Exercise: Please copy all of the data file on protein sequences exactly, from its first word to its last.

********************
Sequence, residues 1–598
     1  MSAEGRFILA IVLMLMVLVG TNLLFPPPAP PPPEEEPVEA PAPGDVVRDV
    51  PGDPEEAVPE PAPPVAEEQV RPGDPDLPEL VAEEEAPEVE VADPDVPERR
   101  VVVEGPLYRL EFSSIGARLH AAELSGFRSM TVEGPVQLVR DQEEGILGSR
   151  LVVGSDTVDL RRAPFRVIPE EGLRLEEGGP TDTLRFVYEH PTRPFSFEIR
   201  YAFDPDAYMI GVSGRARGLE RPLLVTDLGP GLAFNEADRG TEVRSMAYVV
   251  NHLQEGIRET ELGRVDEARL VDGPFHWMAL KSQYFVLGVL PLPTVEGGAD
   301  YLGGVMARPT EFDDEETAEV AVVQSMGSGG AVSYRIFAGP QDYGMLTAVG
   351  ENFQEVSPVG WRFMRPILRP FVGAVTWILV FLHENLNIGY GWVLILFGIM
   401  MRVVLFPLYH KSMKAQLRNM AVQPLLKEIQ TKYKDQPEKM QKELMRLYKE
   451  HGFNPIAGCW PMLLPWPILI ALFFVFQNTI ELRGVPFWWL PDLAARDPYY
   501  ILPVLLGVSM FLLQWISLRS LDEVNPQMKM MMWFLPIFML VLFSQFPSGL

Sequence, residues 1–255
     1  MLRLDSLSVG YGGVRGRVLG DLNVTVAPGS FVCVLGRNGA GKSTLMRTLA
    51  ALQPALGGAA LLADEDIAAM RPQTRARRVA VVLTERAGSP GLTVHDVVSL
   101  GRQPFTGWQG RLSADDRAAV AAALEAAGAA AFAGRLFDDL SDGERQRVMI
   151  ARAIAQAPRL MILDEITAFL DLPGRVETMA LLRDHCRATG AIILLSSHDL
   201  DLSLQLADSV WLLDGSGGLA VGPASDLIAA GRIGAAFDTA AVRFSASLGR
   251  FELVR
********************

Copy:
Sequence, residues 1–598
     1  MSAEGRFILA IVLMLMVLVG TNLLFPPPAP PPPEEEPVEA PAPGDVVRDV
    51  PGDPEEAVPE PAPPVAEEQV RPGDPDLPEL VAEEEAPEVE VADPDVPERR
   101  VVVEGPLYRL EFSSIGARLH AAELSGFRSM TVEGPVQLVR DQEEGILGSR
   151  LVVGSDTVDL RRAPFRVIPE EGLRLEEGGP TDTLRFVYEH PTRPFSFEIR
   201  YAFDPDAYMI GVSGRARGLE RPLLVTDLGP GLAFNEADRG TEVRSMAYVV
   251  NHLQEGIRET ELGRVDEARL VDGPFHWMAL KSQYFVLGVL PLPTVEGGAD
   301  YLGGVMARPT EFDDEETAEV AVVQSMGSGG AVSYRIFAGP QDYGMLTAVG
   351  ENFQEVSPVG WRFMRPILRP FVGAVTWILV FLHENLNIGY GWVLILFGIM
   401  MRVVLFPLYH KSMKAQLRNM AVQPLLKEIQ TKYKDQPEKM QKELMRLYKE
   451  HGFNPIAGCW PMLLPWPILI ALFFVFQNTI ELRGVPFWWL PDLAARDPYY
   501  ILPVLLGVSM FLLQWISLRS LDEVNPQMKM MMWFLPIFML VLFSQFPSGL

Sequence, residues 1–255
     1  MLRLDSLSVG YGGVRGRVLG DLNVTVAPGS FVCVLGRNGA GKSTLMRTLA
    51  ALQPALGGAA LLADEDIAAM RPQTRARRVA VVLTERAGSP GLTVHDVVSL
   101  GRQPFTGWQG RLSADDRAAV AAALEAAGAA AFAGRLFDDL SDGERQRVMI
   151  ARAIAQAPRL MILDEITAFL DLPGRVETMA LLRDHCRATG AIILLSSHDL
   201  DLSLQLADSV WLLDGSGGLA VGPASDLIAA GRIGAAFDTA AVRFSASLGR
   251  FELVR